The deputy survived the incident and is currently recovering at home until he can return to duty.
GWINNETT COUNTY, Ga. — The Gwinnett County Sheriff’s Office is publicly thanking three inmates who they said came to the aid of a deputy who lost consciousness.
According to the sheriff’s office, the Deputy Warren Hobbs was conducting rounds in the jail house unit, when inmates noticed that he “was not looking well.” As the Deputy Hobbs got back to his desk, he lost consciousness and fell on the floor “splitting his head open.”
Deputy Shannon Volkodav with the sheriff’s office said when inmate Mitchell Smalls saw Deputy Hobbs collapse, he began banging on his cell door alerting the rest of the 60 inmates to also make noise.
“The inmates were calling his name and banging their cell windows to wake him up because they told me they thought he might die,” explained Deputy Vollkodav. “When he fell and hit his head, they could see blood coming from him.”
According to Volkodav, the noise was enough to wake Deputy Hobbs up long enough for him press a control panel to open cell doors of Terry Lovelace and Walter Whitehead’s room. That’s when the pair rushed to the deputy’s side as he went unconscious again.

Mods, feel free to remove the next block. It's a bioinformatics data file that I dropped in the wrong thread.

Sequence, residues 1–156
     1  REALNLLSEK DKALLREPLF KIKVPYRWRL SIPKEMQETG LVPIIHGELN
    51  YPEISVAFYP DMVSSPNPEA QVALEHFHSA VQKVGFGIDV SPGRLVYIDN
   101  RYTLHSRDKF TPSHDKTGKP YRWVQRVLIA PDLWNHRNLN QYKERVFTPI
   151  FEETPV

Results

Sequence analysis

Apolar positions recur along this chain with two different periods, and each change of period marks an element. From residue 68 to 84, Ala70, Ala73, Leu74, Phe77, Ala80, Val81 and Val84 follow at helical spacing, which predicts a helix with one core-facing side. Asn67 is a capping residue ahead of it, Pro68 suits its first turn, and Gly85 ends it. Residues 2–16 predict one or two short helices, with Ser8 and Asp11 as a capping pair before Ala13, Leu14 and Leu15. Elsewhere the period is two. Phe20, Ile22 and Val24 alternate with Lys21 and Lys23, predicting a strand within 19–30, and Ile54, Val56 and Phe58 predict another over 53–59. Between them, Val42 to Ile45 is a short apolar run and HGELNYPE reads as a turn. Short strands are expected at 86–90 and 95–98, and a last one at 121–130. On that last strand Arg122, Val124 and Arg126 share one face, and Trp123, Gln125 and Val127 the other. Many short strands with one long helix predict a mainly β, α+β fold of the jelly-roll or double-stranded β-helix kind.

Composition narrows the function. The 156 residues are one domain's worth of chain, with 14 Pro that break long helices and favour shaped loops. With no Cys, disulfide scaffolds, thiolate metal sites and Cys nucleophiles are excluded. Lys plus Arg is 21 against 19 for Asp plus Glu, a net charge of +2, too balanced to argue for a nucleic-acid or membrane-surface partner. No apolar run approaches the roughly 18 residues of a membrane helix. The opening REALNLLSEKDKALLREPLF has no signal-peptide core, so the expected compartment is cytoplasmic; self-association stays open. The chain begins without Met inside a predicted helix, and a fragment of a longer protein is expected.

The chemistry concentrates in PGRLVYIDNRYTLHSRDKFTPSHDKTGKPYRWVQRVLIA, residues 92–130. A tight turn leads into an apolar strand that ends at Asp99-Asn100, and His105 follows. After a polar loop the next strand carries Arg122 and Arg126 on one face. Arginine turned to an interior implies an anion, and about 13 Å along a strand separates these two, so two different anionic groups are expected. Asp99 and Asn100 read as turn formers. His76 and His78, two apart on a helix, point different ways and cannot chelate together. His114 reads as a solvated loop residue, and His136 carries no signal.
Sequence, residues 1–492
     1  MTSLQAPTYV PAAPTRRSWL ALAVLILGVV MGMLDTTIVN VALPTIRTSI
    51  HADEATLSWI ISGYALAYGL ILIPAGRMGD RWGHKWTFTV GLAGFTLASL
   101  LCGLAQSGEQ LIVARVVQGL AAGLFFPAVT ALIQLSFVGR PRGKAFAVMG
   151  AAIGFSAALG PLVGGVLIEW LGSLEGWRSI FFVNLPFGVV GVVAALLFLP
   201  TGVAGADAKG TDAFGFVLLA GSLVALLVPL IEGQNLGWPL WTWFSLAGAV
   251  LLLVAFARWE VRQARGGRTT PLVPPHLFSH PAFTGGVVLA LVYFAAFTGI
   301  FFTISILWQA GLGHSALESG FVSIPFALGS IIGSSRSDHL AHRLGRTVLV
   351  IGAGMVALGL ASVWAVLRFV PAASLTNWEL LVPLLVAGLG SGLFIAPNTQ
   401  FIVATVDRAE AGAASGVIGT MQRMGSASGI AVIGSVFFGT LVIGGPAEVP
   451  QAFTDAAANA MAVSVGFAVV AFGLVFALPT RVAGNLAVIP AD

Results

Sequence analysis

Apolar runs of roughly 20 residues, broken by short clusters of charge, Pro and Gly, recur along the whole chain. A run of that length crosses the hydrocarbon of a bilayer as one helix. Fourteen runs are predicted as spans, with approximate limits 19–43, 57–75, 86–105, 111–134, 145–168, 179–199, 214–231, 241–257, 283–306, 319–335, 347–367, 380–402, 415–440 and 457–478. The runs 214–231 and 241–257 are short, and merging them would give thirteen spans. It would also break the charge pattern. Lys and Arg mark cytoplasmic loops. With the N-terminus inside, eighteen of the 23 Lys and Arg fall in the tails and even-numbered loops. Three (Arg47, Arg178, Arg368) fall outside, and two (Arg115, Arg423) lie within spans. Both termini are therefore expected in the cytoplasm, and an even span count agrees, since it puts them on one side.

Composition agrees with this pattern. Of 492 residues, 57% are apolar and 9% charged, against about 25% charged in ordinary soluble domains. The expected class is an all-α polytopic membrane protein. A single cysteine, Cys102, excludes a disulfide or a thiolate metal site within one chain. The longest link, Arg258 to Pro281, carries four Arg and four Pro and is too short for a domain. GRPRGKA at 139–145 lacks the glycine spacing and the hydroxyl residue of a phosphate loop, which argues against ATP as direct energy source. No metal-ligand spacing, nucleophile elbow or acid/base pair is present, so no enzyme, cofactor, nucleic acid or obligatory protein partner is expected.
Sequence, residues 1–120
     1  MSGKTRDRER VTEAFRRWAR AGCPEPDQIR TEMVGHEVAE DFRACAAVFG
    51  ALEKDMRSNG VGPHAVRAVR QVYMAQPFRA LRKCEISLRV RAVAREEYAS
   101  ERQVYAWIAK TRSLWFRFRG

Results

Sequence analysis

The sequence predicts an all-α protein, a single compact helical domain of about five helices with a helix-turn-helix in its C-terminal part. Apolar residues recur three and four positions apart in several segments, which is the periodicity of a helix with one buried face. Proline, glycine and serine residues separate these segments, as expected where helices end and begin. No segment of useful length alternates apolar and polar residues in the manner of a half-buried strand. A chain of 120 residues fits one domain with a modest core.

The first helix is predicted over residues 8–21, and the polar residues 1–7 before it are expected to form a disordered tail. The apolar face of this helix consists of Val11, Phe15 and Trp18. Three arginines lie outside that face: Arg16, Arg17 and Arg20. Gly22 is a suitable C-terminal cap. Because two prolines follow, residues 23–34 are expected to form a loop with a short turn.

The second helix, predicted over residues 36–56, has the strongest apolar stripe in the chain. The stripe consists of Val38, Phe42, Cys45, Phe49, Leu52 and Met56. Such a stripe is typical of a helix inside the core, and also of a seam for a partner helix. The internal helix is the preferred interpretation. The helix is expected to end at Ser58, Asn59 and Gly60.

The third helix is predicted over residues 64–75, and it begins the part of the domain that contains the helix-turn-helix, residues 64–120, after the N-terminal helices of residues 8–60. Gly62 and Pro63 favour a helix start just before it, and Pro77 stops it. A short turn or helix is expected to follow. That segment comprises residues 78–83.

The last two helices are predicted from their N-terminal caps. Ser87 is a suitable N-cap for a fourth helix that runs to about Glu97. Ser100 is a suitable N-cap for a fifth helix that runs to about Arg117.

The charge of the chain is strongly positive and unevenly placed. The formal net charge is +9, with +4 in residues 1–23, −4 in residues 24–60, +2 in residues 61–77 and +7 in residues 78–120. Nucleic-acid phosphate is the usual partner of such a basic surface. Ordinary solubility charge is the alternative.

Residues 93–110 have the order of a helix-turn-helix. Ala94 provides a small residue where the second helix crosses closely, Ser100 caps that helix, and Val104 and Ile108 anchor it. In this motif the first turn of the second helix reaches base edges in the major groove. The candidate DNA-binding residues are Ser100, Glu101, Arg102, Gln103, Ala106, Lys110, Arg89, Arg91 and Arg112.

Deputy Hobbs told Volkodav that the only thing he remembers is a noise that sounded like drums and people shouting his name over and over again.
“He said he doesn’t remember passing out, but that when he heard the loud noise — he thought an inmate was in distress,” added Volkodav.
Whitehead picked up the phone and Lovelace used the deputy’s radio to call for help. You can hear on the radio transmission, Lovelace saying something that included “officer needs help”.
Deputy Hobbs suffered a from a cardiac condition, according to the sheriff’s office. He is is currently recovering at home until he can return to duty.
The Gwinnett County Sheriff’s Office recognized the trio on their Facebook page stating, “These inmates came to his aid because our deputy, like most law enforcement officers, treats people with the dignity they deserve.”
“These inmates had no obligation whatsoever to render aid to a bleeding, vulnerable deputy, but they didn’t hesitate,” it said.
Deputy Volkodav said that the heroes told her they knew they had to help, because of the help and aid they receive from the jail staff everyday.